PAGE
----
In particular, TTD has long voiced opposition to the practice of U.S. carriers outsourcing critical maintenance work to foreign aircraft repair facilities that are not required by the FAA to meet the same safety standards as U.S. stations performing the same type of work.  In the wake of the 9/11 attacks, security concerns inherent in third-party maintenance have also been raised and have not been addressed. 2

The flight attendant profession is also at increased risk as at least one major carrier has proposed filling key positions on international routes with foreign citizens.  According to a letter sent by 99 members of the House of Representative to Doug Steenland, President and CEO of Northwest Airlines, this proposal would mean the loss of approximately 2,600 U.S.-based flight attendant jobs.

We have also seen a move to outsource aircraft manufacturing and related work and there has been a significant decline in U.S. employment in this critical industry.  Outsourcing not only means the loss of employment opportunities, but also weakens our economy and national security by, among other things, transferring production and technology expertise to other countries.  The economic battle between domestic and foreign-based aircraft manufacturers is well-known and will not be re-told in this submission.  We would simply note that as foreign interests are allowed to control U.S. airlines, the pressure to utilize non-U.S. companies will only increase, thus further tilting the balance away from domestic production and ultimately harming U.S. economic interests and threatening jobs.

Carriers have argued in the past that U.S. workers based overseas are not covered by the Railway Labor Act (RLA) and thus are not covered by the applicable collective bargaining agreements.  In addition, and as pointed out by ALPA in its comments, when two or more U.S. carriers are commonly controlled, the RLA covers the entire workforce and allows employees at the affiliated carriers an opportunity to equalize wages and working conditions.  This serves to prevent a carrier from playing one group of workers against the other.  But when one of the affiliates is a foreign carrier, and thus not covered by the RLA, all of the employees are placed at a disadvantage.  Under this proposal, foreign airlines that control U.S. airlines could structure their operations so that the U.S. carrier serves as a feeder to the foreign airline.  This in turn would allow the transfer of at least some of the jobs to a foreign airline outside the coverage of the RLA, potentially creating a lower wage and benefit scheme and eviscerating the rights of employees.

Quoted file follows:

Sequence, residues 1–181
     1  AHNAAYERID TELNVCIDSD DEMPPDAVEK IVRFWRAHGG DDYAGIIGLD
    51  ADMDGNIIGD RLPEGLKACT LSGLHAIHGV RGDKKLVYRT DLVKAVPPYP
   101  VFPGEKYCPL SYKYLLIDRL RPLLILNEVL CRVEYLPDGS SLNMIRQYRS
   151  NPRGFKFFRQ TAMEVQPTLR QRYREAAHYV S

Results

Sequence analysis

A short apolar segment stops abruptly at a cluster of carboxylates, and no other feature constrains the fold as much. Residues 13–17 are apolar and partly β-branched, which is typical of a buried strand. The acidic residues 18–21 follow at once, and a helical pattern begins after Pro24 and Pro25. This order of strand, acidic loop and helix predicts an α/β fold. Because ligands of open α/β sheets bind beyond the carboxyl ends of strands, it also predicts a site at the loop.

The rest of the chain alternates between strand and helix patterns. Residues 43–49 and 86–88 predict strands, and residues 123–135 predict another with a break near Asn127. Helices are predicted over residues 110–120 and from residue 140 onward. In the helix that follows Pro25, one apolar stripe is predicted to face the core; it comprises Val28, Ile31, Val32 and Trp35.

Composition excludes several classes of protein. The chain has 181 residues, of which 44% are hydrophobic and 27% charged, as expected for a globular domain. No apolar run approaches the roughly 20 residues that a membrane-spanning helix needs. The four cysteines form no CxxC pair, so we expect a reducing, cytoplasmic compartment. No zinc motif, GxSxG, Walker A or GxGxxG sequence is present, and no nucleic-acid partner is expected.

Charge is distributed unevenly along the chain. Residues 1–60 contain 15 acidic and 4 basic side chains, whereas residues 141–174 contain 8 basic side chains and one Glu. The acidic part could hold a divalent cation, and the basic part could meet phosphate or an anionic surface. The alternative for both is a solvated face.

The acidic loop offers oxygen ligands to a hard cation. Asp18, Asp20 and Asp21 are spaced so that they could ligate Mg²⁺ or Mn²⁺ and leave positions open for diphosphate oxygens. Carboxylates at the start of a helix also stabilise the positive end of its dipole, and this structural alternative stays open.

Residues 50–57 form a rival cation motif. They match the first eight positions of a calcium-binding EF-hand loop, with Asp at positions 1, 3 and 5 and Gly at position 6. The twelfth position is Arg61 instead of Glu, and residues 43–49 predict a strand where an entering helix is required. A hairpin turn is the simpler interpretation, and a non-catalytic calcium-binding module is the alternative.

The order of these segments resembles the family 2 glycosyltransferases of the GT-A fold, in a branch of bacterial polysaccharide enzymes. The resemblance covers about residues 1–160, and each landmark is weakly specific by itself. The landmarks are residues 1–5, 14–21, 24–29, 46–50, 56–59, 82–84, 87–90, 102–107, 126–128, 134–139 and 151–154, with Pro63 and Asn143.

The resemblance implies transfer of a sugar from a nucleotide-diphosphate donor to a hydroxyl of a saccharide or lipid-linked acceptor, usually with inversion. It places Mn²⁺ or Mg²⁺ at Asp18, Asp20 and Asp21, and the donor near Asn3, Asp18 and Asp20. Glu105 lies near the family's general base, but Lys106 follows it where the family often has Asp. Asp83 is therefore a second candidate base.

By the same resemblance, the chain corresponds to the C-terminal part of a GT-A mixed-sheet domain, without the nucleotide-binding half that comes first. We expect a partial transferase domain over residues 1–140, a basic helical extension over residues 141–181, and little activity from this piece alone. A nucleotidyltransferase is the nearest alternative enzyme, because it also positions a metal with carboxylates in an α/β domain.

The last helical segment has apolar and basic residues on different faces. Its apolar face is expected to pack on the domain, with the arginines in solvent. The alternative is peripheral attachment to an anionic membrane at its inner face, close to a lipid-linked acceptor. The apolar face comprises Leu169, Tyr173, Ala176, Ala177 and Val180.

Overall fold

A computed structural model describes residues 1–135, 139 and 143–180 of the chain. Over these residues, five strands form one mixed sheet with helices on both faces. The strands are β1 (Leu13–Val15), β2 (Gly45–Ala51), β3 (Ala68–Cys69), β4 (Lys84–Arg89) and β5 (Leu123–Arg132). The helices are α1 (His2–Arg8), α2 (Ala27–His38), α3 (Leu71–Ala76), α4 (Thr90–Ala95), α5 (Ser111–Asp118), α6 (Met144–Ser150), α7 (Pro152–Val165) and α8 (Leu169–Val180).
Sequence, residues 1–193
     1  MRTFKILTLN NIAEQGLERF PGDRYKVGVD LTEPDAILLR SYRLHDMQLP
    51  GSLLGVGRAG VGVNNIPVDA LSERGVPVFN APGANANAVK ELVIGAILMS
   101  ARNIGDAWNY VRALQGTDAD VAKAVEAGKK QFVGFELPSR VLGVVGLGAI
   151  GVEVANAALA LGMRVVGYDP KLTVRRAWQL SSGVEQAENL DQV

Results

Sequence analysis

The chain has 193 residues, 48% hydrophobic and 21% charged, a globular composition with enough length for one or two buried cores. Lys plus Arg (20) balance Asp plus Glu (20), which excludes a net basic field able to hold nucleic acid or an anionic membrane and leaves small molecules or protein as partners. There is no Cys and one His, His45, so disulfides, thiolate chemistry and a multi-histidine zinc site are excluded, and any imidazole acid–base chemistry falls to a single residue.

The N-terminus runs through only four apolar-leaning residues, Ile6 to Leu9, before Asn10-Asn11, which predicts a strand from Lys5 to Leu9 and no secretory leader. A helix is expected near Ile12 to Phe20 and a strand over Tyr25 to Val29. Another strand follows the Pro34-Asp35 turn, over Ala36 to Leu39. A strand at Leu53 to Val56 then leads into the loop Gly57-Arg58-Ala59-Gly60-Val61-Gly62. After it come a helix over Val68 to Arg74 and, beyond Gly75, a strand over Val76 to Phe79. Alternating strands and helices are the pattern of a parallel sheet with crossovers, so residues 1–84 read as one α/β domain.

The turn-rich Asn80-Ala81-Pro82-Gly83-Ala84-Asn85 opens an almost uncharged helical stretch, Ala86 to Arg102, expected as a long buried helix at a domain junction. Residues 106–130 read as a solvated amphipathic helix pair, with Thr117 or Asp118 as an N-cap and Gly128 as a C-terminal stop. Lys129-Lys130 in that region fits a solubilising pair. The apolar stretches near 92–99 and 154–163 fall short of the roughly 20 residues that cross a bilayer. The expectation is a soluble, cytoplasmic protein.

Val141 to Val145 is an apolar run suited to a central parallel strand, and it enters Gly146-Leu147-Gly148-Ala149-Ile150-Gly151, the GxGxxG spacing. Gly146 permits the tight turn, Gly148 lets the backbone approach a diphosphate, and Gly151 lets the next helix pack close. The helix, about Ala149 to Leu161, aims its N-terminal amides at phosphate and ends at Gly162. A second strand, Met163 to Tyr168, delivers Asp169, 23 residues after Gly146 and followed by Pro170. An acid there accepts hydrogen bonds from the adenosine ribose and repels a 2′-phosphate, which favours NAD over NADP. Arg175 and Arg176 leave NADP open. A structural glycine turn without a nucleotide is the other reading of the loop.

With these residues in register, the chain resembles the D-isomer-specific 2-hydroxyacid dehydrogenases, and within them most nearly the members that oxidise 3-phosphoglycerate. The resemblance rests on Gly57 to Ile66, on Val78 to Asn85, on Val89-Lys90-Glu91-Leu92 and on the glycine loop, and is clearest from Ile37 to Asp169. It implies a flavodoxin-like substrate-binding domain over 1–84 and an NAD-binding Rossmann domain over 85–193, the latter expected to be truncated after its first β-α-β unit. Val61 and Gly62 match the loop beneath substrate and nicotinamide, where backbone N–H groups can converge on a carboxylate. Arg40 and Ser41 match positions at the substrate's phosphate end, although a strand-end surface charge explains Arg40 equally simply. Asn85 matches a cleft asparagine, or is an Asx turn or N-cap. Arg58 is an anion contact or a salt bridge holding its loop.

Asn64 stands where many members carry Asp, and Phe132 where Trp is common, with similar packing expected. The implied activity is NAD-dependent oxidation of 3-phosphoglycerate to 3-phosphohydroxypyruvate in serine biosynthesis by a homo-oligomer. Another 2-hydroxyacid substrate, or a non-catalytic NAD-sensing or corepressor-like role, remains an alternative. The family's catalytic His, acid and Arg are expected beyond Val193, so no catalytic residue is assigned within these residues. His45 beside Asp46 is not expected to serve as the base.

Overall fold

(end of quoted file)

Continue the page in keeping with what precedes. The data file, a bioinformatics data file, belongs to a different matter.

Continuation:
NPRM Part of U.S.-EU Agreement

Notwithstanding inconsistent and unconvincing claims to the contrary, this NPRM was issued as part of an effort by the U.S. to win European Union (EU) ratification of a new air services agreement.  While there is nothing inherently wrong with a new open skies pact, the DOT should acknowledge the motivations for issuing this NPRM and have a reasoned debate on whether the proposed agreement merits allowing foreign entities to control U.S. airlines.  The NPRM was issued at a critical time in the negotiations – just as the EU delegation team was to return to Washington for final talks – and sought to address a major EU complaint, i.e. that the U.S. offer did not include greater access to the U.S. aviation market. 3

In the days after this proposal was issued, the DOT acknowledged that the European community wanted to see progress in the removal of U.S. restrictions on foreign investment in U.S. airlines, but then claimed that changes are not a topic of negotiations.  This claim is undercut when DOT then asks “our friends in Europe to take our proposal seriously” and explains that it “would facilitate much or all that the European airlines seek to achieve in the near term within a newly liberalized U.S.-EU aviation marketplace …”  Jeffery N. Shane, Under Secretary for Policy, Address before the International Aviation Club (Nov. 8, 2005), (prepared remarks available in the docket of this proceeding).